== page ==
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Creating climate resilient urban treescapes

What can we learn from our experiences of heat waves and what are the implications for creating and managing heat-resilient treescapes for the future?

These were the questions posed at this week’s event organised by the Trees and Design Action Group (TDAG) which took place online and in person in Birmingham. It was jointly delivered by TDAG, the RECLAIM network, Myerscough College and The Birmingham Institute of Forest Research (BIFoR).

Heat and the important role trees play.

Trees have a critical role to play in our urban environments during heatwaves, helping us to cope by providing shade and through a localised cooling effect on our surroundings. To fulfil their function and deliver these benefits, trees themselves need to be resilient to both the changing climate and to pests and diseases; whilst their survival depends on the availability of water.

Ferranti, E.J.S and Futcher, J. and Salter, K. and Hodgkinson, S.P.B and Chapman, L. (2021) First Steps in Urban Heat for Built Environment Practitioners. Technical Report. Trees and Design Action Group.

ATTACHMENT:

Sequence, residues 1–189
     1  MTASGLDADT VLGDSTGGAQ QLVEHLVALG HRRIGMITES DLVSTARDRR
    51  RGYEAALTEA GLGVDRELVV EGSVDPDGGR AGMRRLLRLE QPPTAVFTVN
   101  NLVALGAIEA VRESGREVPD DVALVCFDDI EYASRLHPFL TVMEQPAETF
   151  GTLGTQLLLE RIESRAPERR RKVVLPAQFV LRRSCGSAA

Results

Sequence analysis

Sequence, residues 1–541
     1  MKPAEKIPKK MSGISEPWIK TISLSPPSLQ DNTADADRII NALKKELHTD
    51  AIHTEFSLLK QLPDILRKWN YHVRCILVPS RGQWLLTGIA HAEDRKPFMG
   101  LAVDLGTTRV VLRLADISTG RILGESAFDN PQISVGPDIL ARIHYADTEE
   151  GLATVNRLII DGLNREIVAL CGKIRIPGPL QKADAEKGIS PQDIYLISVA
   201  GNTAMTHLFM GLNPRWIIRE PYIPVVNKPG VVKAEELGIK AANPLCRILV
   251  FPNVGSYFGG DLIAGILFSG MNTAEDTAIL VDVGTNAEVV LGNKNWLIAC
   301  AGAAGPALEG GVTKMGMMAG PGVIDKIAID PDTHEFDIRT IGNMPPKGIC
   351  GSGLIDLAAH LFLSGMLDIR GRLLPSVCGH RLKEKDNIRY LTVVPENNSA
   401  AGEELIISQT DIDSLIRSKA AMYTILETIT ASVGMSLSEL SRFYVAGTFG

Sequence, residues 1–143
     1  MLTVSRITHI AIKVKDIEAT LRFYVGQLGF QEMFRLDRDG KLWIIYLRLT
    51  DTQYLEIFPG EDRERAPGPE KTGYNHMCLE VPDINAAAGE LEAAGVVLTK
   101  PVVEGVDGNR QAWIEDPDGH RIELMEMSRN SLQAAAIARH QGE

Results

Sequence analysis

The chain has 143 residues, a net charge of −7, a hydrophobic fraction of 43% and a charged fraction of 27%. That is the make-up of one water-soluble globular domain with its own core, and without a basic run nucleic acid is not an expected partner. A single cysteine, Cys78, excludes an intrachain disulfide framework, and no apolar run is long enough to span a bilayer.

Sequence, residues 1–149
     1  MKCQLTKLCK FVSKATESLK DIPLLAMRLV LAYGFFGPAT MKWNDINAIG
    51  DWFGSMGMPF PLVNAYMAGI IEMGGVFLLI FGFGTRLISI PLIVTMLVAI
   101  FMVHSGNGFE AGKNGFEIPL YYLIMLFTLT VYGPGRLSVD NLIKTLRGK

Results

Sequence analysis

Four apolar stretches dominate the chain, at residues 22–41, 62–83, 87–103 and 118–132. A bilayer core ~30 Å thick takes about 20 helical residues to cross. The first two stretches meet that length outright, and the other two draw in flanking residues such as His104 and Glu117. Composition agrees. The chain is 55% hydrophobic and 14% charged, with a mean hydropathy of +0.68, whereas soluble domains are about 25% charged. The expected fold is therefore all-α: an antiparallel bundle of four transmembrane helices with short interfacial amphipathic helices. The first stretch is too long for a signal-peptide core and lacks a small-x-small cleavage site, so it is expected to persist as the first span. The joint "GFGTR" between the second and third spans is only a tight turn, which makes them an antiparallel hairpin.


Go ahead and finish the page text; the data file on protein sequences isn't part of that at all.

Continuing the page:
Event’s presentations

The event was chaired by Kathryn Moore, Professor of Landscape Architecture at Birmingham City University, who sits on the Natural England Landscape Panel and is behind the WMNP Lab an international think-tank for integrated landscape-led visioning and development that launched the West Midlands National Park in 2018.

The event introduced two cross-sectoral networks that span the world of blue-green infrastructure:

TDAG is a network that facilitates cross-sector & cross-disciplinary dialogue and projects promoting the role of urban trees. Dr Emma Ferranti, Associate Professor at the Department of Civil Engineering at the University of Birmingham, who co-facilitates the network, introduced TDAG and its wealth of resources.

The other cross-sectoral network represented was the RECLAIM (Reclaiming Forgotten Cities – Turning cities from vulnerable spaces to healthy places for people) Network. This cross-sector network, funded by several cross-disciplinary research councils (AHRC, NERC, UKRI, EPSR), brings together researchers from 4 universities and one institute. It aims to create a blue-green infrastructure community of practice whilst examining knowledge gaps around blue-green infrastructure effectiveness.

Dr Ferranti set the scene by reminding attendees that during the hot summer of 2022, the UK recorded the highest daily maximum temperature of 40.3 °C. This was not a one-off event. Climate change is making UK extreme weather more frequent, with the top ten hottest UK days on record all except one occurring in the last three decades, according to Met Office data

Over the course of the day, researchers and practitioners then delivered presentations on a range of topics. The quality of the content is a testament to the great work and reputation of the TDAG network within the sector.